The Statistics of Natural Tasks: How People Make Everyday Decisions in a Complex World

Author/​Artist
Dombrowski, Katya [Browse]
Format
Senior thesis
Language
English
Description
99 pages

Details

Advisor(s)
Niv, Yael [Browse]
Contributor(s)
Botvinick, Matthew [Browse]
Department
Princeton University. Department of Psychology [Browse]
Class year
2014
Summary note
When making decisions in complex environments, how can people separate what is important from what can be ignored? This study used the common task of choosing an item from a list to uncover whether there are specific strategies for solving this problem across both people and domains. Two types of everyday decisions, choosing food from a menu and choosing undergraduate courses from a list, were tested using online, as well as in-lab, experiments. The results revealed that participants tended to first narrow down their options based on broad information and then come to a final decision after looking at the short list of options in more detail. The results from this experiment also suggested that participants made these decisions based on only a few criteria at a time, where some criteria were significantly more important across participants. Therefore, despite the complexity and uniqueness of a given scenario, there may be common strategies used across people and domains in everyday decision-making. These processes may allow for less cognitive demand when making decisions, which could lead to a more efficient process overall. Further experiments could reveal whether or not these behavioral results correlate with similar neural networks, across both people and domains, as well.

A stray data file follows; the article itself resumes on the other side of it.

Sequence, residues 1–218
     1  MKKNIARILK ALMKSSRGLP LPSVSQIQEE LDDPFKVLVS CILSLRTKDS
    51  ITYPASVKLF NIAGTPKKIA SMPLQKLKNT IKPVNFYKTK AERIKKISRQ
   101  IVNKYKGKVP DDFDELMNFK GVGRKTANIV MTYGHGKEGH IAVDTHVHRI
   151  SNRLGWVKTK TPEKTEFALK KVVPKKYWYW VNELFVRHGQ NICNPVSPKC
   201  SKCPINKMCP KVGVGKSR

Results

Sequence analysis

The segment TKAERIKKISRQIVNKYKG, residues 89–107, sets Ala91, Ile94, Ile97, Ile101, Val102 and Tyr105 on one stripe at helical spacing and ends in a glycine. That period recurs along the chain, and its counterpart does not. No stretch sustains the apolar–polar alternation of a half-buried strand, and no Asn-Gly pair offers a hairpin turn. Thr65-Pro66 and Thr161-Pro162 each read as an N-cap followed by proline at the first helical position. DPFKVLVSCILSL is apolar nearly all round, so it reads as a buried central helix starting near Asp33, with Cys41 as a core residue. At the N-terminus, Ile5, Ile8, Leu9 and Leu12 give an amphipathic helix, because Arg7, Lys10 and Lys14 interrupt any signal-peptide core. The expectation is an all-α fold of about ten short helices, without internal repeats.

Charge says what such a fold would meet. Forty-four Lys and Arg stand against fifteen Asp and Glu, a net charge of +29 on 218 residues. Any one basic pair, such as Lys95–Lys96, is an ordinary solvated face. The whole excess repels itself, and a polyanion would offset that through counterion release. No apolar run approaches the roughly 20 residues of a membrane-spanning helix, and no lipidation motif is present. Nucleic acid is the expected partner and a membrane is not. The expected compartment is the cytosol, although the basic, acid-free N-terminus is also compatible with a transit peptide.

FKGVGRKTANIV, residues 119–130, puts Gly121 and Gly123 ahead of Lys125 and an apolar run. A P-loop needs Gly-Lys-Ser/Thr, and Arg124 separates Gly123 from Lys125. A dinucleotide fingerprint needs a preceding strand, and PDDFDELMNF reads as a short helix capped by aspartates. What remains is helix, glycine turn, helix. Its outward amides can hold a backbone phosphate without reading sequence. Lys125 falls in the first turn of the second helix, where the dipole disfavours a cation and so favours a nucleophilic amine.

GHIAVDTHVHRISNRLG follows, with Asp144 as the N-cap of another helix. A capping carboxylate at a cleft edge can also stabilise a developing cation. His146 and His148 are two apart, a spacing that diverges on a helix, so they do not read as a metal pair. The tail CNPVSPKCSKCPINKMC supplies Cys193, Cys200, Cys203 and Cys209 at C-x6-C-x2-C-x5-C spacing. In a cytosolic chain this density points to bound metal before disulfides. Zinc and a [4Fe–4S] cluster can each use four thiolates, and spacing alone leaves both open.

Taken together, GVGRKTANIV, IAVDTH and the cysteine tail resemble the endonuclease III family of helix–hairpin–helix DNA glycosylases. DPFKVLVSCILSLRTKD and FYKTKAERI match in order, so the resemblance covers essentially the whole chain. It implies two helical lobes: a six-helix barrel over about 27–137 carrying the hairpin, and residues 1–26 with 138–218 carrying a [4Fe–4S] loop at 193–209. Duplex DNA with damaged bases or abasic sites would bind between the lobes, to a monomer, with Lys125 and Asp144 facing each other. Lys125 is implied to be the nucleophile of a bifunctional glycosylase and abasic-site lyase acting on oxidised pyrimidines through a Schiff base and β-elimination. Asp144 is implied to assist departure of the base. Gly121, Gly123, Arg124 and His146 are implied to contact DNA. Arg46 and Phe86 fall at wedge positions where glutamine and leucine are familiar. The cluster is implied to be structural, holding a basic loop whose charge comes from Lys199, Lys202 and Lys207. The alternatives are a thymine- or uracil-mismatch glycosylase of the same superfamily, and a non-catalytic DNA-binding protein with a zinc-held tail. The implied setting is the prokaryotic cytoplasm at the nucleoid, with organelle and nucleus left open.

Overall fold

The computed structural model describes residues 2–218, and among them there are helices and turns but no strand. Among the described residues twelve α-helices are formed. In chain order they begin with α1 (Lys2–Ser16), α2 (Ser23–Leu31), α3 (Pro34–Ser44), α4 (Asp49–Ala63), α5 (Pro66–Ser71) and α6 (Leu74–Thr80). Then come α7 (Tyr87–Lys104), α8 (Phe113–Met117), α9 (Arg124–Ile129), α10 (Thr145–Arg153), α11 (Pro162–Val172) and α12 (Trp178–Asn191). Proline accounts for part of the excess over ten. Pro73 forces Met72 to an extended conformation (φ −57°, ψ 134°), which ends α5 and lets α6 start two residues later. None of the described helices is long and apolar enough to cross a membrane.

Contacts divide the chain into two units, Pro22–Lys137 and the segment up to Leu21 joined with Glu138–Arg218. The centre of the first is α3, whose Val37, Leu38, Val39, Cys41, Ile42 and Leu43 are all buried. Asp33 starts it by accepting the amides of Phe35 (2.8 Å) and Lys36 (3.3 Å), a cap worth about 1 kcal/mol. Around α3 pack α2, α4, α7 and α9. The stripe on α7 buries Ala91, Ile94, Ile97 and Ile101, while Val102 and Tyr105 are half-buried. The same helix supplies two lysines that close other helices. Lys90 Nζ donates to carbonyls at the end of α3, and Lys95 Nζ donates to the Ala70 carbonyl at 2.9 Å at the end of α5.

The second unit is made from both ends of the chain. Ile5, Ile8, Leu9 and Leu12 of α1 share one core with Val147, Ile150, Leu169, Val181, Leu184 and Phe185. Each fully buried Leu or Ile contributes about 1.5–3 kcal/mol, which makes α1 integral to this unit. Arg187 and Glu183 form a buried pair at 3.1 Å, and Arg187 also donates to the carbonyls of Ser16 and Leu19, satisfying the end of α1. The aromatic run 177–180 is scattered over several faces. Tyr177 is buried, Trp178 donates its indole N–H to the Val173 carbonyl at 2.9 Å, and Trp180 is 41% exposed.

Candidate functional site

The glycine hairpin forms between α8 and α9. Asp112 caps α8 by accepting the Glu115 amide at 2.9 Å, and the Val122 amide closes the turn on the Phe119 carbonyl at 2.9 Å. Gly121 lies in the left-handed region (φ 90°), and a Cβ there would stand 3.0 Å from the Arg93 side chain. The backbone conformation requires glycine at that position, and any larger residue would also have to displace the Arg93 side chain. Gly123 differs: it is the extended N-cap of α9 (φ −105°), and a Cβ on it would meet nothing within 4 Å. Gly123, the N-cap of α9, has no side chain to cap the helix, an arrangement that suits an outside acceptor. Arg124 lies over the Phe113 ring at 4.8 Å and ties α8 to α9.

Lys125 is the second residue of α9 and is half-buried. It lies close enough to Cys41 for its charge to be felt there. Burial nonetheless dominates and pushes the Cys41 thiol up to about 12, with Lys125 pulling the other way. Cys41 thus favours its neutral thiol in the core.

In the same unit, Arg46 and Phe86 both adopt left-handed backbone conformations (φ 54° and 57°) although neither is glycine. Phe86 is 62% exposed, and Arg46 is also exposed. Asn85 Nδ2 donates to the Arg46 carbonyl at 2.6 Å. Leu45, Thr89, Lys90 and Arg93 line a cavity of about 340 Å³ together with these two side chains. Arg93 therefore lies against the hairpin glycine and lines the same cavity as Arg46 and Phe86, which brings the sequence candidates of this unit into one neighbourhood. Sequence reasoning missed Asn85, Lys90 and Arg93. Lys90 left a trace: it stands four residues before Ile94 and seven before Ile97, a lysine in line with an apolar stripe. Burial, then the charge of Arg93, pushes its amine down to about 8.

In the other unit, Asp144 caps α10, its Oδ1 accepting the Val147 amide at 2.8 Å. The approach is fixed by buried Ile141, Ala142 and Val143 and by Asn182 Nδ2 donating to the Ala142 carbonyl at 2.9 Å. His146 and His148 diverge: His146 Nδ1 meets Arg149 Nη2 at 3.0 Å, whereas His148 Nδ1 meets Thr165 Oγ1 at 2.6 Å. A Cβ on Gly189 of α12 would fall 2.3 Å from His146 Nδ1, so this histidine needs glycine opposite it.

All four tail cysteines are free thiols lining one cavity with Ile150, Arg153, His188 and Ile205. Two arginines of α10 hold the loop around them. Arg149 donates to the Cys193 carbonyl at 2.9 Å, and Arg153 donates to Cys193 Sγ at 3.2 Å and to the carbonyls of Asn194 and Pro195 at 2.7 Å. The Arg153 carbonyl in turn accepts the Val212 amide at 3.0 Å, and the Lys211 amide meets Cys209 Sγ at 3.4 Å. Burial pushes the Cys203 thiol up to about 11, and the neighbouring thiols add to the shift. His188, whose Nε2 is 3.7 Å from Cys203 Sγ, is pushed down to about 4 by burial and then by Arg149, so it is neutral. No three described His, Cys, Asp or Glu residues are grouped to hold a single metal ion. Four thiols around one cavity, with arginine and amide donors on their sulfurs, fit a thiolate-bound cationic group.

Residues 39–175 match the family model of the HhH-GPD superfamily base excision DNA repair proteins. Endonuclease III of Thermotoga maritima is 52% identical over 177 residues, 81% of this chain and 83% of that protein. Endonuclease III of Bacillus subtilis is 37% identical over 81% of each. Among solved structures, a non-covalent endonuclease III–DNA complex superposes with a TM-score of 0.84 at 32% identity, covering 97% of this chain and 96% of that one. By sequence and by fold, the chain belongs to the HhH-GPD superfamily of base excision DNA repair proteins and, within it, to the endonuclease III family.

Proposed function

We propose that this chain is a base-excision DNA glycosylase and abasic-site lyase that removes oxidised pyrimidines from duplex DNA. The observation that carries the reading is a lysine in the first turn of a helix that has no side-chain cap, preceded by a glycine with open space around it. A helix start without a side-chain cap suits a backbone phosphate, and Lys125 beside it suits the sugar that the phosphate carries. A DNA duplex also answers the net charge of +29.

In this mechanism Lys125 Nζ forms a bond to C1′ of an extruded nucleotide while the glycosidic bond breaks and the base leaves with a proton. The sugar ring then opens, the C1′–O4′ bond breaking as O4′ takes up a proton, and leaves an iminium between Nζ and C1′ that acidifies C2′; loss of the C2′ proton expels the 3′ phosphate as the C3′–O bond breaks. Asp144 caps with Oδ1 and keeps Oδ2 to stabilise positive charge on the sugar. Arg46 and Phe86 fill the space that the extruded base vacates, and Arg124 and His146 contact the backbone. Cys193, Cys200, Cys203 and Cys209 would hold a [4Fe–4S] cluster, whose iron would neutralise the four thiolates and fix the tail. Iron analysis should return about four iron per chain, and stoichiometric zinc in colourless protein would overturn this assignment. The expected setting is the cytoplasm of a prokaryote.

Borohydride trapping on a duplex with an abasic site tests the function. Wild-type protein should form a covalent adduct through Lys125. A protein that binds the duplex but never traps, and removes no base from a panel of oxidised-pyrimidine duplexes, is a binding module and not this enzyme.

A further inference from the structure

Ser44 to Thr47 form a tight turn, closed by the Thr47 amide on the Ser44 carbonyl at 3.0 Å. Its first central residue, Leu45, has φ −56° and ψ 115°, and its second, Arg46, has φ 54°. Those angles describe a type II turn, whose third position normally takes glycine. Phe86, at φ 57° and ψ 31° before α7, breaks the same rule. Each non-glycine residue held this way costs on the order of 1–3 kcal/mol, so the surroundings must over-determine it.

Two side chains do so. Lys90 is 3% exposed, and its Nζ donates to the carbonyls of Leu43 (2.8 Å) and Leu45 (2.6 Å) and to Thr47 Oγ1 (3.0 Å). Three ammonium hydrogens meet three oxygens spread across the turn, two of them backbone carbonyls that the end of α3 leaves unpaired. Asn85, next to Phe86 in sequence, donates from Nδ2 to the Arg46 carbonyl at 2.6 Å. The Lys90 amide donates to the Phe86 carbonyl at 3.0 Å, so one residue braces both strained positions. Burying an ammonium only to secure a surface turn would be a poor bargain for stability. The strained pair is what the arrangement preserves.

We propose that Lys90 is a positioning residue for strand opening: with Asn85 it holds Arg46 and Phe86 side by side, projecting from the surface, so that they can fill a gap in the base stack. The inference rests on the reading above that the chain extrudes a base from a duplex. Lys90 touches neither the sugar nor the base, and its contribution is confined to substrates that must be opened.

Supplementary Information